Teacher as Academic: Why it’s Worth It to Work Toward Getting Published

Earlier this school year, I accomplished one of my longtime career goals–submitting an article for publication in an professional academic journal. The Wisconsin English Journal ran the article that I wrote this past summer, which was based on the work I did with the UW-Milwaukee Writing Project in 2013. For anyone who’d like to read it, here’s the link to the table of contents for Vol. 56, No. 2. You’ll see the link to the .pdf of my article entitled “Crucial Creativity: Addressing State Standards While Fostering Creative Student Authorship” toward the bottom of the page. In her letter from the editor, Mary Louise Gomez previews the article as such:

“Amy Harter provides a strong
argument against a perceived call of the
Wisconsin Common Core State Standards
(CCSS) for more non-fiction writing and less
creative writing. Harter argues that creative
writing is indeed a powerful and engaging
genre into which students can be inducted.
This author presents powerful arguments for
the writing of poetry, plays, song lyrics, and
other so-called “creative writing” that also
are key ways to form arguments and affect
one’s audiences.”

 Words cannot explain how proud I am to have my first journal article publication under my belt. It not only represents many, many hours of impassioned research, writing, revising, talking-out, and polishing, but it also represents a step toward “making it” as a professional who contributes meaningfully to the academic side of our profession.

Isn’t it strange that, as educators, we still sometimes have a hard time viewing ourselves as academics? For me, seeing my name in print brought me to tears–it gave me a soaring feeling of professional validation. And  it cannot be overstated how important professional validation is for teachers–for the many of us who were asked back in college to justify why on earth we’d choose this career over others of greater promise, for the many of us who have been casually scoffed at for our small salaries, for the many of us who wonder how we might hope to be viewed as professionals in a culture that doesn’t always respect or understand what we do. For us, a sense of validation and celebration of our research, ideas, and achievements, is huge.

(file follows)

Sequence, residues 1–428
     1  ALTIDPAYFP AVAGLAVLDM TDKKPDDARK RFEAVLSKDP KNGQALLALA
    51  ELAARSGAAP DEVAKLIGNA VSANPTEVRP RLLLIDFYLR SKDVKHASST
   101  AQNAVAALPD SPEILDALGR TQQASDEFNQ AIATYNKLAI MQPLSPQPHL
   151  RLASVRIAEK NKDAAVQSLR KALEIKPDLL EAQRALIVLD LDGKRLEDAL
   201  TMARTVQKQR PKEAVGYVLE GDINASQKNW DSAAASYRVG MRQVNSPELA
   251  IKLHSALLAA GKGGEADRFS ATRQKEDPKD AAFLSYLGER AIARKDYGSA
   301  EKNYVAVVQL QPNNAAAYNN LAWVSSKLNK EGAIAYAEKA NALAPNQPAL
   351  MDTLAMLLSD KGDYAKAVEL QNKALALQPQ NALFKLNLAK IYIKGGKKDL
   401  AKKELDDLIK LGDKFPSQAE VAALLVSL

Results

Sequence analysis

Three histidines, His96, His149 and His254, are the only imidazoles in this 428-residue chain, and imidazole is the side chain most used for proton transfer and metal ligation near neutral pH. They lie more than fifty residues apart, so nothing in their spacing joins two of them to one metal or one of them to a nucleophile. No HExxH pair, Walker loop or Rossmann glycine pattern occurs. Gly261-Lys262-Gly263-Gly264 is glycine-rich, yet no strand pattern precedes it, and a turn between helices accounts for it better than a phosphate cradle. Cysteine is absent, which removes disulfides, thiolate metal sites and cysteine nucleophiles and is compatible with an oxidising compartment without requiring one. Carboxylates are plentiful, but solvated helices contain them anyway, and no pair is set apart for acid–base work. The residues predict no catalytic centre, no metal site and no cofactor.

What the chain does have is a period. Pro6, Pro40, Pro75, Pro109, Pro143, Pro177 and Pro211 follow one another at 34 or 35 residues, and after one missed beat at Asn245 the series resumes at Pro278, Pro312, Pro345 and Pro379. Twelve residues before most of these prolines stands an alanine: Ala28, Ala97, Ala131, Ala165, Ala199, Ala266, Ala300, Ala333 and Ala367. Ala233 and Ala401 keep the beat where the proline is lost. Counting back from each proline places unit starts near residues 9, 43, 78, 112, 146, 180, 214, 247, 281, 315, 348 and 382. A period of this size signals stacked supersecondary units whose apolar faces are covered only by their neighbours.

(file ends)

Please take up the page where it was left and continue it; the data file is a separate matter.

Here’s the thing about that–writing is the path that allows us to explore, define, and share our ideas about our profession. For this reason, I think far greater numbers of practicing K-12 teachers need to be lending their voices to the field of education through professional writing. Maybe it’s an article for a journal. Maybe it’s a conference or workshop session proposal. Maybe it’s an editorial or letter to a public official. Maybe it’s a piece of original curriculum. Or, hey, maybe it’s a blog! 🙂

The message is this, fellow teachers: You can, and should, do it.

Why?

Because teachers deserve to learn about things in their field from others who are currently practicing within it.

Because you already do action research in your classroom every day as you introduce new teaching techniques and observe their effects on your students. You are, by virtue of your position, making observations and tracking data. Teacher = researcher.

Because the expertise lent by your experience in the classroom, especially when put in the context of current educational research, is invaluable.

Because you are a professional, and have the capacity to influence and lead in your profession.

Because it can give a meaningful focus and purpose to your professional reading.

Because it is a way to earn the validation that you deserve as a professional educator. 

Because you already have the support you need to write and publish a piece of professional writing, even if you don’t know it yet. Talk to your peers, talk to presenters at conferences, get involved in a National Writing Project site near you, or send an email of inquiry to a publication you’d like to submit to. Many of them have very responsive editing staffs who, even if they don’t accept your piece, will send you a response with suggestions to make your future writing more successful.

There are many, many opportunities out there for teachers to offer their voices to the conversations surrounding what education can and will look like in the future. Consider offering yours. If I can do it, so can you. 🙂

Leave a Reply

Your email address will not be published. Required fields are marked *